Covid-19 cases plateauing: Philippines Department of Health

Health-care utilisation rates, as well as severe and critical cases also remained at low risk.

Kathleen de Villa

Kathleen de Villa

Philippine Daily Inquirer


FILE PHOTO: Test tubes labelled “COVID-19 Omicron variant test positive” are seen in this illustration picture. REUTERS

May 12, 2023

MANILA – COVID-19 cases nationwide are plateauing as the number of new cases daily stayed at the 1,000 mark for the seventh straight day on Wednesday, although new infections are going up in some areas.

Health-care utilization rates as well as severe and critical cases, on the other hand, remained at low risk, according to Director Razel Nikka Hao of the Department of Health’s (DOH) Disease Prevention and Control Bureau.

She said that continued transmission of the virus was expected due to increased mobility and loosened restrictions.

“This is going to be how it is. There will be continued [emergence of] new variants, but there will be continued protection [by] the vaccines,” Hao said during a roundtable discussion.

Based on the DOH’s COVID-19 tracker, 1,476 new cases were reported on Wednesday, slightly up from the 1,165 recorded the day before. The latest number brought active cases to 12,706 and the country’s total COVID-19 tally to 4,106,974.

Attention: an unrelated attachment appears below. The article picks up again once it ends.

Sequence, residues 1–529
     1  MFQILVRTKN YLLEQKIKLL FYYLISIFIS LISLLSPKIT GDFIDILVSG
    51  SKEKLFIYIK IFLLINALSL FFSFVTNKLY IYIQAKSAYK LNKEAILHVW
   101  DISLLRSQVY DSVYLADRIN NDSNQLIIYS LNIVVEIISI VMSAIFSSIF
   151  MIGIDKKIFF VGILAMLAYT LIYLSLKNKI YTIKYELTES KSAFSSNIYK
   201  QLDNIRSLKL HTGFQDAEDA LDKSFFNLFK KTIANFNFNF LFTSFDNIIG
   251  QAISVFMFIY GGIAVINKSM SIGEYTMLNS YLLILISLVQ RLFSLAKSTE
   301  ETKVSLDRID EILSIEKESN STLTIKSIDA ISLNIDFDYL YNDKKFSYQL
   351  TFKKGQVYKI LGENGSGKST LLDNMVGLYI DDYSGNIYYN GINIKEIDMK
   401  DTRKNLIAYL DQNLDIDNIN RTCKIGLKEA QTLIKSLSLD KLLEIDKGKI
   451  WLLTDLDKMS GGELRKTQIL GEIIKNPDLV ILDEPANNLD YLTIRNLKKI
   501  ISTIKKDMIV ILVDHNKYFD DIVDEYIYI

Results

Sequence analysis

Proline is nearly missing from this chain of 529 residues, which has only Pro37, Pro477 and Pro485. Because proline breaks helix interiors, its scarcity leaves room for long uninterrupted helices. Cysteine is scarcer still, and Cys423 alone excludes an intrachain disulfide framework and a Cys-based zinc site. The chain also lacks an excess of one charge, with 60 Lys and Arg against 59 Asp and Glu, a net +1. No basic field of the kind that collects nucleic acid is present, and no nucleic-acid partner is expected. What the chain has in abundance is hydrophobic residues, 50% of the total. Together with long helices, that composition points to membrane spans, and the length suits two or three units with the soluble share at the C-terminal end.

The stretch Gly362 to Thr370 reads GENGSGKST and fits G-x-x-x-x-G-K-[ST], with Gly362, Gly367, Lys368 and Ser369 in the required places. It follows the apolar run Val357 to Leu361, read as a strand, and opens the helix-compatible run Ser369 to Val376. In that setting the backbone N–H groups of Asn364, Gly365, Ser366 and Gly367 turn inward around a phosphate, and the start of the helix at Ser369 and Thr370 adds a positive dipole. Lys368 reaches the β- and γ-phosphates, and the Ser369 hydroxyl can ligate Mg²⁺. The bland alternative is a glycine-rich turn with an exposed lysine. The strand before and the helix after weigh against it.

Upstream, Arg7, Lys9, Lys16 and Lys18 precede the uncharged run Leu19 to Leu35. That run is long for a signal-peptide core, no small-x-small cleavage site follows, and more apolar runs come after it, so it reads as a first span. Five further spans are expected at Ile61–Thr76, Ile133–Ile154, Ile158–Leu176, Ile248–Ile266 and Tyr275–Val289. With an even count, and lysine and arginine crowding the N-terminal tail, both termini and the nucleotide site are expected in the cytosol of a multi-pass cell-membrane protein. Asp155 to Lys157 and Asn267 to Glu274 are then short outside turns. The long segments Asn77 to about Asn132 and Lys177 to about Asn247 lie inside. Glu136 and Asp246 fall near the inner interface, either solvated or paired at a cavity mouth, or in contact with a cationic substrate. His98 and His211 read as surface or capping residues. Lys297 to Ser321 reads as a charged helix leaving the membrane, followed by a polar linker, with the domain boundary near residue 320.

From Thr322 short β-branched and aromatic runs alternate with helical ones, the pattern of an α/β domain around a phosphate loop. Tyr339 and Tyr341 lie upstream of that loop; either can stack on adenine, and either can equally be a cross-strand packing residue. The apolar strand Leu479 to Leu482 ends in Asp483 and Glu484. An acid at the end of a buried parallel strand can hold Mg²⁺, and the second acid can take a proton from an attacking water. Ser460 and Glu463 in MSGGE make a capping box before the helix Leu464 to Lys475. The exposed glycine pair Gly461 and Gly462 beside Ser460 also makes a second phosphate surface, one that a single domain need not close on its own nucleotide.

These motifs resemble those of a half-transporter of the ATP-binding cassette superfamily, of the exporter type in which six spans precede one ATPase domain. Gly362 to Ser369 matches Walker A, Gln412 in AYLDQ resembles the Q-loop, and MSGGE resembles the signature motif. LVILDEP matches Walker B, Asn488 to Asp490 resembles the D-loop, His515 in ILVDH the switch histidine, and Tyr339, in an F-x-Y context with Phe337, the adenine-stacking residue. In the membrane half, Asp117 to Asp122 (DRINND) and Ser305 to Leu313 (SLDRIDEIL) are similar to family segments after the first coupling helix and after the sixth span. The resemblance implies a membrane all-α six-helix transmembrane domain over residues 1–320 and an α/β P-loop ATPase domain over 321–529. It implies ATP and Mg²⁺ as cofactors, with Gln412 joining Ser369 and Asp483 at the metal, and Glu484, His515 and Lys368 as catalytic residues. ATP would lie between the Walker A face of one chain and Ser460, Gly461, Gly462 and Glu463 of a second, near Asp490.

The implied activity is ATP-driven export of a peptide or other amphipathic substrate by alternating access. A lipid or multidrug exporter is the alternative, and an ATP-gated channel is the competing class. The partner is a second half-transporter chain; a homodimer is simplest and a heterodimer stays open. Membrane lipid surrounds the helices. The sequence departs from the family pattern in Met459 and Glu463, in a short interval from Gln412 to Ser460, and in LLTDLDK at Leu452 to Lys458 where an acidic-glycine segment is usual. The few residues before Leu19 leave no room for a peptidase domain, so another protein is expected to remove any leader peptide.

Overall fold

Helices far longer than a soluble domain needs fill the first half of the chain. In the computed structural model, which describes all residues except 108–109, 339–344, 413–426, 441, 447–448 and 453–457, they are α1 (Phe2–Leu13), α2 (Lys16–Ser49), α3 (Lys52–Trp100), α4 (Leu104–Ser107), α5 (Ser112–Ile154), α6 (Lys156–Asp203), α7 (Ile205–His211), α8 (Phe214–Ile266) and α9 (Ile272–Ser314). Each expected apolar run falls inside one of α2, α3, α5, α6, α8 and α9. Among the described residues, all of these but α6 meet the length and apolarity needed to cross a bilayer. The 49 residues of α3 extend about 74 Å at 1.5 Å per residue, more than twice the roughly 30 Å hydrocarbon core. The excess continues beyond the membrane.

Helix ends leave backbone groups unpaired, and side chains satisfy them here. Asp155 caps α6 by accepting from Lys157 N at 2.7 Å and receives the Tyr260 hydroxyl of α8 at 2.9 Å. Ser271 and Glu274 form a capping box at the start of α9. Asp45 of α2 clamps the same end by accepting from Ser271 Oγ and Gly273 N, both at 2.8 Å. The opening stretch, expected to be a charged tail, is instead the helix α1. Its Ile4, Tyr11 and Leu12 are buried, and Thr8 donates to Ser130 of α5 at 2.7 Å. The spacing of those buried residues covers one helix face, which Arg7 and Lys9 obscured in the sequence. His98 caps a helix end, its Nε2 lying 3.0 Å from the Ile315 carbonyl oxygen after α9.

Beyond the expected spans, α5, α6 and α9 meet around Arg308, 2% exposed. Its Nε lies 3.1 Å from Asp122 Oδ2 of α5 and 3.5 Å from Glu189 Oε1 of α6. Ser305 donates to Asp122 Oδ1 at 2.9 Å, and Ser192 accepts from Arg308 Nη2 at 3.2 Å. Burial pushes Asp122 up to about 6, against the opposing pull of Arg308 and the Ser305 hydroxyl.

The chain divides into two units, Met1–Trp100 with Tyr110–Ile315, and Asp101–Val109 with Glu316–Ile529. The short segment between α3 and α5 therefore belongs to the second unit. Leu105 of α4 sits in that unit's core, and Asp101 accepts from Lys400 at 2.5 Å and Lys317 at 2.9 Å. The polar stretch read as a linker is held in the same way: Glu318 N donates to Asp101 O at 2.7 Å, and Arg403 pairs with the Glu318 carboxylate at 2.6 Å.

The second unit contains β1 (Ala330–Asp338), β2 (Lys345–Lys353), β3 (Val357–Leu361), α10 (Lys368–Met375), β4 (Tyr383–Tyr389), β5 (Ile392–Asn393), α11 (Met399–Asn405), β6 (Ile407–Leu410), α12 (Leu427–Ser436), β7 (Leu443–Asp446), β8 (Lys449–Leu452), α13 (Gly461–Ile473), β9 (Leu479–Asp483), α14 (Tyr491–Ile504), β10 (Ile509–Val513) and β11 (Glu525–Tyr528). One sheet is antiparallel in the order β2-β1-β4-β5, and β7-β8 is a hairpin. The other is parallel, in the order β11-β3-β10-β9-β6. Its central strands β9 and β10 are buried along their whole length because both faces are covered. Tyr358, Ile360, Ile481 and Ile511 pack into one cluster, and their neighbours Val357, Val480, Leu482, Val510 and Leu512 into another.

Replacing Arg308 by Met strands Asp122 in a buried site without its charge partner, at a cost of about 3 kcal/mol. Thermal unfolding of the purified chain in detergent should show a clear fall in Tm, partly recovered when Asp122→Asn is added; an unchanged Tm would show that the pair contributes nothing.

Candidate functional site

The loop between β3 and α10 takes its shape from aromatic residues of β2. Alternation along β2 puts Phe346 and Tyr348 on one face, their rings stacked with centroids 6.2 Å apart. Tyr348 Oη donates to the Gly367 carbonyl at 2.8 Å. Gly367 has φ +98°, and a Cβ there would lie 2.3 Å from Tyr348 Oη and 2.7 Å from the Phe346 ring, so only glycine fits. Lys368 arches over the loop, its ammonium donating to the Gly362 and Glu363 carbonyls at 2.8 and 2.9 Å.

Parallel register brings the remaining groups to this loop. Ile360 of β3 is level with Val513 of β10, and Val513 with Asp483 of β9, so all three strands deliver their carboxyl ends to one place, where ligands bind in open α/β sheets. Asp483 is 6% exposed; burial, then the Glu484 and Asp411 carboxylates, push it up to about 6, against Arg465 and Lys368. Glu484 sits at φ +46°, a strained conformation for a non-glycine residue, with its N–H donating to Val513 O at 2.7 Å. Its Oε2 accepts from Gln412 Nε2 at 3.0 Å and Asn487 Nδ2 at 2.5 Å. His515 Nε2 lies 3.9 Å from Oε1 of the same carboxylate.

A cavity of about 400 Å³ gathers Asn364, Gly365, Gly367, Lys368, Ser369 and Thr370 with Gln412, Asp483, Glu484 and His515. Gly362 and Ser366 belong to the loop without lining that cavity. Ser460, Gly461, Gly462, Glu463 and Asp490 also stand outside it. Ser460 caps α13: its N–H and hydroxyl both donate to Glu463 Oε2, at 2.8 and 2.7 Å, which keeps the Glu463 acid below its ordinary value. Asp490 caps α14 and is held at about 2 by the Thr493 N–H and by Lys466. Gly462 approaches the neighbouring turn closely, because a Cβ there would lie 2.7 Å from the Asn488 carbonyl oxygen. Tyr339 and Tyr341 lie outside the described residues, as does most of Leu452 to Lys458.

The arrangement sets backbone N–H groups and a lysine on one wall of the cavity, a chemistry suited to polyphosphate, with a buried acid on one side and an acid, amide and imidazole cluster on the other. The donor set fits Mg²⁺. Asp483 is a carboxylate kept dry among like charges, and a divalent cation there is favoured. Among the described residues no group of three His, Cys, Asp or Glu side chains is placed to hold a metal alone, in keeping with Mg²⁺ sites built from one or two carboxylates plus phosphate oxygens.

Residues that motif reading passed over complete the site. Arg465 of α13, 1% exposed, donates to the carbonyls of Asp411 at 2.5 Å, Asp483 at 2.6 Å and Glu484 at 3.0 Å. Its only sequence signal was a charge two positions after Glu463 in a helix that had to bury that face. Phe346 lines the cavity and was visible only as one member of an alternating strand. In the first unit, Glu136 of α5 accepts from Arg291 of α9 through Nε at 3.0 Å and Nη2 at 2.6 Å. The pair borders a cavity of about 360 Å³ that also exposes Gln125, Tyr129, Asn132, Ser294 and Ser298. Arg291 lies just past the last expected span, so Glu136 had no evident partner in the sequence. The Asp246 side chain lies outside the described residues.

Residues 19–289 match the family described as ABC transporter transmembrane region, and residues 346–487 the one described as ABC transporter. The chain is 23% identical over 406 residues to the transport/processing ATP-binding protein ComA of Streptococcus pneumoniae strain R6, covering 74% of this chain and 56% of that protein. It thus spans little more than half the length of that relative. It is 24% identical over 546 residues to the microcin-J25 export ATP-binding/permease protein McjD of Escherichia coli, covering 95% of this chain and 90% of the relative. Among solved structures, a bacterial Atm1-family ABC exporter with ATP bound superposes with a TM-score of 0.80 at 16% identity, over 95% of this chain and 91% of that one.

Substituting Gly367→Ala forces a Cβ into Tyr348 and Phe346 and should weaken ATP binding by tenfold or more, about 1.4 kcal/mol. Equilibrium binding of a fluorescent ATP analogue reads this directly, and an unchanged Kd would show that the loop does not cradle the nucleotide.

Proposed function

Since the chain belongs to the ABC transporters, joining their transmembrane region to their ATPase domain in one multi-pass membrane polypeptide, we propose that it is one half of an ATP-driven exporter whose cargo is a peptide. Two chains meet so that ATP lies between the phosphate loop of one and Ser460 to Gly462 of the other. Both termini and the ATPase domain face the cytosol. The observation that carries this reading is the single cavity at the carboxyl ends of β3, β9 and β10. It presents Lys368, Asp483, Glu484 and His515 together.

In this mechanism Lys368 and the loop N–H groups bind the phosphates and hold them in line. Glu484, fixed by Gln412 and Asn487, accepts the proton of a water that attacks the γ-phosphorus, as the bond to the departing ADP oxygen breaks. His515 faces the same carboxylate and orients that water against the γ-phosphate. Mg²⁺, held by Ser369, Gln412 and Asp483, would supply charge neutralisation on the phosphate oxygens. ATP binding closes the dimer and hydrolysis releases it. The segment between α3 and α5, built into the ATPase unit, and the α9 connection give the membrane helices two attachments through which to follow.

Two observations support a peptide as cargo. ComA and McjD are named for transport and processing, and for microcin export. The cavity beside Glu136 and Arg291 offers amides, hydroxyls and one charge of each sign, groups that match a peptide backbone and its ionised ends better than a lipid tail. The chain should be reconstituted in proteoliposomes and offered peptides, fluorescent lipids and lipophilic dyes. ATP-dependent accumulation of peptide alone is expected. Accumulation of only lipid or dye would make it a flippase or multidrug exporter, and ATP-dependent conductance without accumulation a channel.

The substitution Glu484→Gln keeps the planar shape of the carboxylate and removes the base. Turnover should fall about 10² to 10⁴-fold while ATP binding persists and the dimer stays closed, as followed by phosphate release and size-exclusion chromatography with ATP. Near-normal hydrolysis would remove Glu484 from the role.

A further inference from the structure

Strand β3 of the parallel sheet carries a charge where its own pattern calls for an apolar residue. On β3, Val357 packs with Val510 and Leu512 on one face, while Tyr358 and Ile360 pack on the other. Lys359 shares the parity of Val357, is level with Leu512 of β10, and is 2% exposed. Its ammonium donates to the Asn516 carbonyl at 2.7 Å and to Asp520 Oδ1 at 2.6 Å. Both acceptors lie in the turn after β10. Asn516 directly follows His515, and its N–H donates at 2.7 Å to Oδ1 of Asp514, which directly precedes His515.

In Metro Manila, the weekly positivity rate stood at 24.2 percent as of Tuesday, up from 19.7 percent in the previous week.

“Exceeding 25 percent is almost a given at this time. We still expect the peak to happen within one to two weeks,” OCTA Research fellow Guido David said in a Twitter post.

The World Health Organization (WHO) recommends a positivity rate of below 5 percent to signify that the spread of the virus is under control. The positivity rate is the number of confirmed infected individuals out of the total number of those who underwent reverse transcription polymerase chain reaction testing.

In a previous briefing, DOH officer in charge Maria Rosario Vergeire said that COVID-19 was still around and it was normal “that we expect an increase or a decrease in cases in our communities” even after WHO’s declaration that the virus was no longer a global public health emergency.

scroll to top